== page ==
Adrenal Surgery Workup

Updated: Aug 12, 2016
  • Author: Brian J Miles, MD, FACS; Chief Editor: Bradley Fields Schwartz, DO, FACS  more...
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Laboratory Studies

See the list below:

  • Serum

    • Electrolyte levels

    • Cortisol levels

    • Androgen levels

    • Free metanephrine levels (most sensitive test for pheochromocytoma)

  • Urine

    • 24-hour catecholamine levels

    • 24-hour metanephrine levels (most specific test for pheochromocytoma)

    • 24-hour free cortisol levels

    • 17-ketosteroids and 17-hydroxycorticosteroids levels

  • If a pheochromocytoma is suspected, a clonidine suppression test or glucagon stimulation test can be performed to confirm the diagnosis.


Imaging Studies

See the list below:

  • CT scan has become the criterion standard. Other imaging studies often are used in conjunction with the CT scan in diagnosis of adrenal masses.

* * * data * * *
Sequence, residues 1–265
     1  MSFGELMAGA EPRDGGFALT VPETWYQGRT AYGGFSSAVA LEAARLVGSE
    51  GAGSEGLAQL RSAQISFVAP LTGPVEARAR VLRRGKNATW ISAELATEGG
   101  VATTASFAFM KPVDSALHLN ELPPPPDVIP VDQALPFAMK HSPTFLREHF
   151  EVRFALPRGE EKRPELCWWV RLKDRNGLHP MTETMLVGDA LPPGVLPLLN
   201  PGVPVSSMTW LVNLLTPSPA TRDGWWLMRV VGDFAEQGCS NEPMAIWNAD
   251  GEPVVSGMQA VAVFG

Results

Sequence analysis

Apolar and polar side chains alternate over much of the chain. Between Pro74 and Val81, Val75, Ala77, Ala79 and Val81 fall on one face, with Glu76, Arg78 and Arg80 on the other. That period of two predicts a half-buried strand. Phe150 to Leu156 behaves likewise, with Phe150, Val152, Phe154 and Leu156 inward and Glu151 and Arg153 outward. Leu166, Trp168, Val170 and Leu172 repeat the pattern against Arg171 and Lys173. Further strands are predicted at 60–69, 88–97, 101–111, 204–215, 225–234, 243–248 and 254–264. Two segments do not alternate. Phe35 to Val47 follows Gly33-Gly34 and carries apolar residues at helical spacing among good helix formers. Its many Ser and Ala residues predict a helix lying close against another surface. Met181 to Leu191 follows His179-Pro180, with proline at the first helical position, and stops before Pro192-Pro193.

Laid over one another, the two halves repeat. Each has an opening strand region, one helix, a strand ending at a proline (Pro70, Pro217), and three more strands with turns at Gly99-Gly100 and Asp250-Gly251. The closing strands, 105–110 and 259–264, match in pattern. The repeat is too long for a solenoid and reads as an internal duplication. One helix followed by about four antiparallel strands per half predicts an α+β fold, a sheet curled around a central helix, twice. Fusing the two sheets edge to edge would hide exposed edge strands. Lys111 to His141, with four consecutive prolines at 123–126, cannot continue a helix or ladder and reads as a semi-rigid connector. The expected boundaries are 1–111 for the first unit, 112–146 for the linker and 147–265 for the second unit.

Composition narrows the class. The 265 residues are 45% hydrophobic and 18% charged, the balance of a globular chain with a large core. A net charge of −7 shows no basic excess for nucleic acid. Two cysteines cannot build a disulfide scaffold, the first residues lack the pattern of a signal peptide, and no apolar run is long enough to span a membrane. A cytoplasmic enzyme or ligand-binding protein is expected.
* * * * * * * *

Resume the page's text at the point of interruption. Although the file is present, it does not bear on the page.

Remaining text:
• MRI frequently is useful in delineating lesions. In the case of adrenocortical carcinoma, regardless of size or function, if T2-weighted images from an MRI reveal a high-intensity signal, this finding is strongly suggestive of a malignancy, and exploration is warranted.

  • Nuclear scans such as an MIBG scan or NP-59 scan can also help delineate between malignant and benign lesions. An MIBG scan may be helpful with pheochromocytomas because MIBG is taken up in the norepinephrine pathway and suggests function. NP-59 is taken up by the adrenal cortex and by adenomas. Space-occupying lesions, such as adrenocortical carcinoma, do not take up the tracer.


Other Tests

See the list below:

  • Blood pressure

  • Serum potassium levels (for aldosteronoma)


Diagnostic Procedures

See the list below:

  • See Surgical therapy.


Histologic Findings

A detailed discussion of the histologic findings is beyond the scope of this surgical article.